Many of the patients there were caught up in the court system: DUIs, were attending because they were in custody battles for their children, or were there to be in compliance for some legal evaluation to maintain their employment or parole/probation requirements.  What I would like to say is that I don’t think most of them would have committed their dumbass (mostly) petty crimes–theft, possession, public intoxication–if they hadn’t been under the influence of their drug of choice.

I was the only one who was not a parent.  I thought about this a lot.

The quality of the therapy was variable. I honestly don’t think that one shrink knew what he was doing, which scared me.  Another seemed to know what he was talking about and was trying to do his job.  The others were in between.  I cautiously ascribe this to professional burnout, which every staff member in the building seemed to be experiencing, to some extent or another…from the cafeteria cook to the techs who constantly took our blood pressure and urine samples.

After a week, a new psychiatrist talked to me for a few hours, and he asked me how I felt about psychotropic medication for anxiety or depression.

“Well, I’m not enthusiastic, but I’m not anti-drug at all.  I was on Paxil for a year and a half ten years ago, and I don’t think it did anything for me, one way or another.  The withdrawals when I quit it were awful for a month.  I had vertigo and brain zaps. But, I’d be open to trying something again, if you think it can help me.  If it doesn’t work, I could always just stop taking it after a decent trial run or two or three months, so no harm done.  Please don’t give me anything that will make me a sleepy fatass.  I don’t want any sexual side-effects either, though I’d be willing to put up with them for a little while until my body adjusted.  The Paxil made me inorgasmic for a month, and then I adjusted and everything worked again.”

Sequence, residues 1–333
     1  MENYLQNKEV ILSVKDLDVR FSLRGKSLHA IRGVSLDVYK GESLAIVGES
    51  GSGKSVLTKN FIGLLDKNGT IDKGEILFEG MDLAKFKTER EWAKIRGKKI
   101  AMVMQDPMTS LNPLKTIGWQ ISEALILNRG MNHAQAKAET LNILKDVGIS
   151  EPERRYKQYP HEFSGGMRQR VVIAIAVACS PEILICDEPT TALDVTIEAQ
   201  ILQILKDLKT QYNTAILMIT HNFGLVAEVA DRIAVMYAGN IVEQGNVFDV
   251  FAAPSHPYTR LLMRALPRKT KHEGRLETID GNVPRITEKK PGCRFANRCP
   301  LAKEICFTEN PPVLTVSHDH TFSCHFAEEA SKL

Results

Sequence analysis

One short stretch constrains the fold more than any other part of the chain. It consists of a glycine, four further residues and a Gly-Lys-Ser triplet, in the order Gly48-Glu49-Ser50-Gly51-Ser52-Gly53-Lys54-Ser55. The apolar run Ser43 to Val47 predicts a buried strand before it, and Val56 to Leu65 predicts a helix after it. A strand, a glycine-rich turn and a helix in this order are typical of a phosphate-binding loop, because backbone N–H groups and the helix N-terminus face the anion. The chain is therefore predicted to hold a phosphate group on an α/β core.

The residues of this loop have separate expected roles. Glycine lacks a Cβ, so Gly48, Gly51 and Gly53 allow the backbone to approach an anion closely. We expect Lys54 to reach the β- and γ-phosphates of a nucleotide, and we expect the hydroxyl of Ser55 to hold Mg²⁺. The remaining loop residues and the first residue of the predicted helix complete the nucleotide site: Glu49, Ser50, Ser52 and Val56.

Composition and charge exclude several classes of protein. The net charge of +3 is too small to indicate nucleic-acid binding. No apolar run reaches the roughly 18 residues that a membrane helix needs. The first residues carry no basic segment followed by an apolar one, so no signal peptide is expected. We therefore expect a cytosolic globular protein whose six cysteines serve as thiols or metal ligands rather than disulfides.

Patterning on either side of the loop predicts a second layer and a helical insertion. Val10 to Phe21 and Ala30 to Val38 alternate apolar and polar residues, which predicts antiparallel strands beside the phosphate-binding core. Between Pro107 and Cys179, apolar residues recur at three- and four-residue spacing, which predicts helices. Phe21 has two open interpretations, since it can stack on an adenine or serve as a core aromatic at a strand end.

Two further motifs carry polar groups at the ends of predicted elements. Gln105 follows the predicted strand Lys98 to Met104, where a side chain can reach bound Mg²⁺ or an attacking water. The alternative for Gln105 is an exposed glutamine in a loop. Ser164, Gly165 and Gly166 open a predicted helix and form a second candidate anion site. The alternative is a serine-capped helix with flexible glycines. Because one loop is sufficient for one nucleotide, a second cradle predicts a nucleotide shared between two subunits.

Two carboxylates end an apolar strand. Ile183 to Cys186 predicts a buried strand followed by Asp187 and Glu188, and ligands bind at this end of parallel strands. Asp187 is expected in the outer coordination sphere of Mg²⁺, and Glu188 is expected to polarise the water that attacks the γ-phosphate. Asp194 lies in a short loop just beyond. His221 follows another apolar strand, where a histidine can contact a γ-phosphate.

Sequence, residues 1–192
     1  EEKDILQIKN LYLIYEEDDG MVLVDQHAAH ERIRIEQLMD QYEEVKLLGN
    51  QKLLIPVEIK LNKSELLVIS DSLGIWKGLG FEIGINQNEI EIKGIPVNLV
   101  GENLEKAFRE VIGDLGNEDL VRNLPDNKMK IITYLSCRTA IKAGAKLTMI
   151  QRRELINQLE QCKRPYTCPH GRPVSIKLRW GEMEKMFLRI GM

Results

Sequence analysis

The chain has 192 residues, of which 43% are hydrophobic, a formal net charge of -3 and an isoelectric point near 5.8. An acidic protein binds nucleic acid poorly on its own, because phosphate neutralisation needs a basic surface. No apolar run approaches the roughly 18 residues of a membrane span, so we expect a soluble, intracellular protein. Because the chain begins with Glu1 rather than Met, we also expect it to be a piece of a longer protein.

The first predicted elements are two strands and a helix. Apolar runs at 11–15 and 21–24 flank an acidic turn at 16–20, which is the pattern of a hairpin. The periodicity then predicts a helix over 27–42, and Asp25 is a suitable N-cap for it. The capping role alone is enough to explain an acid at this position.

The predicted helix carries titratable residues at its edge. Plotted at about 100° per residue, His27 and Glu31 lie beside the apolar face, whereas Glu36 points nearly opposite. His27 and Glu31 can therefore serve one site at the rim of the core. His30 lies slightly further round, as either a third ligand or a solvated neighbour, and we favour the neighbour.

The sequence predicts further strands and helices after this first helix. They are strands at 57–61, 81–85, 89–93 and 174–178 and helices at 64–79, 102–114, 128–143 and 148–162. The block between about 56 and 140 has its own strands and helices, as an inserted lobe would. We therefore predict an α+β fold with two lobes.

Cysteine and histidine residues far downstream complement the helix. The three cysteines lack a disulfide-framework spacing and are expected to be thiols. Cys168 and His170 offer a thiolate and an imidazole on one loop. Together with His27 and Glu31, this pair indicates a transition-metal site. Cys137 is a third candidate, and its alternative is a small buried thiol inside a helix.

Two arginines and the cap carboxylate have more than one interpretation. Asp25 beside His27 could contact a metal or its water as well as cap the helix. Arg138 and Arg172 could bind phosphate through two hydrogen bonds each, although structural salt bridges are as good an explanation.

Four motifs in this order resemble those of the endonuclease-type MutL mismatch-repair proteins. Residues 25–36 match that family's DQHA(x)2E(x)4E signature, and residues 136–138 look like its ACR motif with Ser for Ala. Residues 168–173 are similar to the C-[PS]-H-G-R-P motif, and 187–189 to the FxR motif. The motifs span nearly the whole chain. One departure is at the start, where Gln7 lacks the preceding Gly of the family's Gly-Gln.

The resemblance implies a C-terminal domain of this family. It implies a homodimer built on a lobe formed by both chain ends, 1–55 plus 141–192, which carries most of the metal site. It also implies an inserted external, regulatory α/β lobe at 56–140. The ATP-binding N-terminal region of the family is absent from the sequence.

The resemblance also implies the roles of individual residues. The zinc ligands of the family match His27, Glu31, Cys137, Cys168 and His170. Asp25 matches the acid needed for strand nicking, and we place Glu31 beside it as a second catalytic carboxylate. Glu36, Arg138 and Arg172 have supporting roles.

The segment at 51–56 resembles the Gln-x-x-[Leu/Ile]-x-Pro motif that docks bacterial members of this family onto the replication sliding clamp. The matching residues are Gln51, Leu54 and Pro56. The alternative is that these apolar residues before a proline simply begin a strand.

I talked to the Collector on the phone immediately after I was taken off the several-day “blackout” period, and told him that I was doing well and going back on Naltrexone and trying out a psychotropic SSRI.

He demanded to talk with the physician who prescribed it.

“I don’t think he will, Collector.  I am pretty sure that’s illegal,” I said.

“You can listen in on speakerphone or I can come down there.  You’ll have some legal paperwork.  I can look at it.  I need to know what is going on!”

Other calls were made.  It was like the Inquisition in there.

I’m giving Citalopram a three-month shot.  Thus far, I feel nothing that I can discern.  If that doesn’t help, they recommend Wellbutrin.  If that doesn’t work, well, who knows.

More about Rehab–and the Holidays–later today or tomorrow, I hope

3 thoughts on “Rehap (Part 1)”

  1. This sounds like so many other rehab stories I have heard over the years. I hate to sound cynical but it is almost as if they are providing custodial care but need to fill up the time with activities that seem therapeutic. Maybe the real benefit is being away from the environment associated with the addiction in a place where you cannot get your substance of choice.